When I go shopping, my companion will draw my attention to an article of clothing. “Look at this,” Mom or a friend will say. “Isn’t it pretty?” I will take a look, decide whether I like the item, and ask, “What color is it?” Most of the time, my friends and family can agree on the color name for a particular object. When they disagree, I find myself in a fashion pickle. From friends and experience, I’ve learned which colors “go” together, so, when my informants disagree on the name of a particular shade of pink, I will have a hard time planning an outfit around it.
I’ve memorized the colors of most items in my closet. I know that the sleeveless silk blouse with the ruffles down the front is a pale yellow. I know that my favorite winter coat is deep purple. This memorization technique works especially well when I only have one of a particular item. When I have several shirts, dresses, or pants in the same style, remembering the color of each is challenging. It’s also challenging for me to remember the colors in multicolored items, which is why I tend to avoid multicolored jewelry. A few bright paisley blouses hang in my closet, so I learn whether these pair best with black or brown pants and wear silver jewelry with all of them.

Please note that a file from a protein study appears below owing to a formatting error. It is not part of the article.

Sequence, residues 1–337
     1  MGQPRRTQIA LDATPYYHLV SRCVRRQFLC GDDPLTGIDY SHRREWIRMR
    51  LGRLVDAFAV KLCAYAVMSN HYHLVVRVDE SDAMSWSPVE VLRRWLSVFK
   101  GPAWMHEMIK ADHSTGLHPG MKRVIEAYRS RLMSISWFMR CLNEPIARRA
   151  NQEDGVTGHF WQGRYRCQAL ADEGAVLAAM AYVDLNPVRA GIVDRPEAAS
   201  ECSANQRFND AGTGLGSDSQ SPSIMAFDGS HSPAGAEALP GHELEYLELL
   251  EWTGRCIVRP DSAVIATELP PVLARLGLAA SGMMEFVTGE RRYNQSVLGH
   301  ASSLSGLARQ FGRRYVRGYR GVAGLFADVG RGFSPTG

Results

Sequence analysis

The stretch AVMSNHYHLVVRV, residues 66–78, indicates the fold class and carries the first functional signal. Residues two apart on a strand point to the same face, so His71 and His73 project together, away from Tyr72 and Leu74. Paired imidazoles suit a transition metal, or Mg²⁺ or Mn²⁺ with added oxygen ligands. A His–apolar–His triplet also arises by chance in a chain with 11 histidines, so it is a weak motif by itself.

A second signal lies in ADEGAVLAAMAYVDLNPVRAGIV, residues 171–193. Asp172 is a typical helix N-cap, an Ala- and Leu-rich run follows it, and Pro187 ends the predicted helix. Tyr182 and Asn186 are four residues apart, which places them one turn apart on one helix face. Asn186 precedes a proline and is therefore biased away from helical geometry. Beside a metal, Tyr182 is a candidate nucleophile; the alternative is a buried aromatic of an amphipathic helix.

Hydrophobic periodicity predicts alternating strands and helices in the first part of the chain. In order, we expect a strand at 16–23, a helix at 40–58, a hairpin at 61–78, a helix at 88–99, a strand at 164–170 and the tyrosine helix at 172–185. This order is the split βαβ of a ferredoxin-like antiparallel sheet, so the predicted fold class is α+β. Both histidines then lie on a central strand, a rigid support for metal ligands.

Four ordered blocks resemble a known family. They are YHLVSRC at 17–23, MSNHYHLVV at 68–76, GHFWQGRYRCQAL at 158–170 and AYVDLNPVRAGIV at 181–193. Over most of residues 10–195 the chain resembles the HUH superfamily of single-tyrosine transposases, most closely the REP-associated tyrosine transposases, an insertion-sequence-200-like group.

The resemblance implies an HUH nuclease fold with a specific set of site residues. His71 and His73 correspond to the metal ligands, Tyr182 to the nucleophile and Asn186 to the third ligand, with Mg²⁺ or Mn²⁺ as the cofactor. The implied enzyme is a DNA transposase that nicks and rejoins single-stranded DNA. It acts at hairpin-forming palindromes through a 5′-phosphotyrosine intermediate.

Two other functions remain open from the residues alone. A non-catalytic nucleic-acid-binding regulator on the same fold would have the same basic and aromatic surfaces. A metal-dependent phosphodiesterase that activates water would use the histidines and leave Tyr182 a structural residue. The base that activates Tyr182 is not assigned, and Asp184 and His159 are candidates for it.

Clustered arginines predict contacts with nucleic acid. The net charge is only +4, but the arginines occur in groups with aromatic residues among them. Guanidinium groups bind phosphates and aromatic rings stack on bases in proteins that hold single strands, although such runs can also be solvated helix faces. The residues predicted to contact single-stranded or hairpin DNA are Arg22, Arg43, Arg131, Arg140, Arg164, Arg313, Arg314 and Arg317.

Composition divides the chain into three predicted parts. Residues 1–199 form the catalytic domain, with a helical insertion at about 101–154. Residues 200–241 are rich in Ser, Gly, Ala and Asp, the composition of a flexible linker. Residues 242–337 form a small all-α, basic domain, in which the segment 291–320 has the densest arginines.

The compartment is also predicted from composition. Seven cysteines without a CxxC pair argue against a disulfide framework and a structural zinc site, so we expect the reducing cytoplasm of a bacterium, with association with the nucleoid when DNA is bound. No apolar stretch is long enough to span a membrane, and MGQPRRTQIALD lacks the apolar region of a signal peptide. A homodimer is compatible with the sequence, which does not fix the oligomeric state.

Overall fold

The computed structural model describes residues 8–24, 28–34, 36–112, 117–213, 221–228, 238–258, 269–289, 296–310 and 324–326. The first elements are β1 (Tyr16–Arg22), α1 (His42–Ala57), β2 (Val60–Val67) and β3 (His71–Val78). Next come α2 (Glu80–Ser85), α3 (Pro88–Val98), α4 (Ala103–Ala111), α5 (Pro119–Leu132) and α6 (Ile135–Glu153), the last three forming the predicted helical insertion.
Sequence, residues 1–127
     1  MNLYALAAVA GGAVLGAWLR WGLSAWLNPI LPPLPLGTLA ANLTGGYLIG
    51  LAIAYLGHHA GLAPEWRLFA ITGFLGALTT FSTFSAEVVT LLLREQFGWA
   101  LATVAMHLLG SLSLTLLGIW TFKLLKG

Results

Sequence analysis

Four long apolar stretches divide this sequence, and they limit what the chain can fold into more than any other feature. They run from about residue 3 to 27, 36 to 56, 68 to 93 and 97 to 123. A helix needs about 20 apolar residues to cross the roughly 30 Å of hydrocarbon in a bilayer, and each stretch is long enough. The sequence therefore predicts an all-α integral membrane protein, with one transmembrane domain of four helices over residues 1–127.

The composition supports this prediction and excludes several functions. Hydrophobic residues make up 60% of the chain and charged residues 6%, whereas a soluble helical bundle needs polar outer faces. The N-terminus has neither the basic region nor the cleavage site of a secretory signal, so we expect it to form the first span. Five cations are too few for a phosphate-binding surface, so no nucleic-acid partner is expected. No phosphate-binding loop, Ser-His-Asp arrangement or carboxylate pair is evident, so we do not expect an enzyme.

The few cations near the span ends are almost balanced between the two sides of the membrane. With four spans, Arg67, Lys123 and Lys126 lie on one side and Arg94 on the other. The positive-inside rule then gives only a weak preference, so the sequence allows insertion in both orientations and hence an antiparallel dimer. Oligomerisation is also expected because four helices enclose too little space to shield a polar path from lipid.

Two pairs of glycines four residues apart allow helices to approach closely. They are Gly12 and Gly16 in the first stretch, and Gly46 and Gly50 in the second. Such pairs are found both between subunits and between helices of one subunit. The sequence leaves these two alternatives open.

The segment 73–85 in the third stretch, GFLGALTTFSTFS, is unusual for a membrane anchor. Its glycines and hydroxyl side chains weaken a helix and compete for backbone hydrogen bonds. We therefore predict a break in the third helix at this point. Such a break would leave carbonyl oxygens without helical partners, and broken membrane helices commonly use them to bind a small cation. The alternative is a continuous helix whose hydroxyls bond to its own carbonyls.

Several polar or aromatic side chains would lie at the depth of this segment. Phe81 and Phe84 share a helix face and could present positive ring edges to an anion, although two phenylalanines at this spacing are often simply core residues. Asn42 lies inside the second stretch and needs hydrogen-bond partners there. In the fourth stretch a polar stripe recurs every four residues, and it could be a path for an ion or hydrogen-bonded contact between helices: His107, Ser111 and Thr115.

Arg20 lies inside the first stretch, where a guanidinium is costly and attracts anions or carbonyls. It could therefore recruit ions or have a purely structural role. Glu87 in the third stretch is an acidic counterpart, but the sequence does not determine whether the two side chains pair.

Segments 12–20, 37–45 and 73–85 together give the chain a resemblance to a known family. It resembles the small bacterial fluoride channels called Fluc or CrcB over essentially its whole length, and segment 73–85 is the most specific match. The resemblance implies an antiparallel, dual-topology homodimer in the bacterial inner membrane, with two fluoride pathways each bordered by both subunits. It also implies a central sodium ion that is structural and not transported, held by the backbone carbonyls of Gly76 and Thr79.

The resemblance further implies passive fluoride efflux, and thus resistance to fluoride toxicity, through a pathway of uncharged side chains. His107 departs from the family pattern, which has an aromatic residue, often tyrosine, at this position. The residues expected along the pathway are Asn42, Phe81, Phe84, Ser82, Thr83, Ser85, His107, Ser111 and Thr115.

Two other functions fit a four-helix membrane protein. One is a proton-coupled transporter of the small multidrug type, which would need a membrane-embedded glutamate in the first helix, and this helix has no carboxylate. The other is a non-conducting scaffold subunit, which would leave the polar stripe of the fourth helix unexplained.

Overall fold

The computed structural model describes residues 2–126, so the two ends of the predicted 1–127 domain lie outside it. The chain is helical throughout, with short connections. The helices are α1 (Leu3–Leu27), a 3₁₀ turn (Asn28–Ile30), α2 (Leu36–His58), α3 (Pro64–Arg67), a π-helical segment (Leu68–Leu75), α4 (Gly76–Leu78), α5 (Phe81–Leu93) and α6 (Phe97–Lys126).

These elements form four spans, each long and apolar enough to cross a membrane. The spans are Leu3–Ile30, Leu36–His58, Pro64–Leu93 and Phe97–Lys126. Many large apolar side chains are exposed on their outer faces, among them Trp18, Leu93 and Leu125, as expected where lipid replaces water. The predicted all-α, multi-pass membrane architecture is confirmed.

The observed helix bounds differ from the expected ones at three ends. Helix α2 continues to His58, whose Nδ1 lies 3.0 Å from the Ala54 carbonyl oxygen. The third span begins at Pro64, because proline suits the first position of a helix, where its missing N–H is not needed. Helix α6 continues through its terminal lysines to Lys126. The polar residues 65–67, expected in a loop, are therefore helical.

For me, the most daunting feature of fashion is not choosing the attire – it’s asserting my preference. Often, people assume that my limited vision eliminates my ability to prefer and the validity of such preferences. Therefore, I should be treated like a life-size Barbie and dressed in the clothing that the sighted folks around me like best. Here, I have to gently and not-so-gently remind others that I don’t resemble Barbie in any way. Unless Barbie develops a love of cupcakes, loses a few inches in height, and changes her hair color, we aren’t going to be twins.
The fashion interference from others comes in the form of unsolicited advice and opinions. I’ll emerge, dressed and ready to go, and a friend or relative will say, “Hmm, I wouldn’t pair that cardigan with that skirt.” Strangers, and especially sales assistants, offer advice as well. On a summer’s day last year, I was trying on a new pair of boots – black leather boots with a 3-inch heel – and, as I walked around the small store to see how they fit, the saleswoman said, “They look great. But I wouldn’t pair them with that sundress.”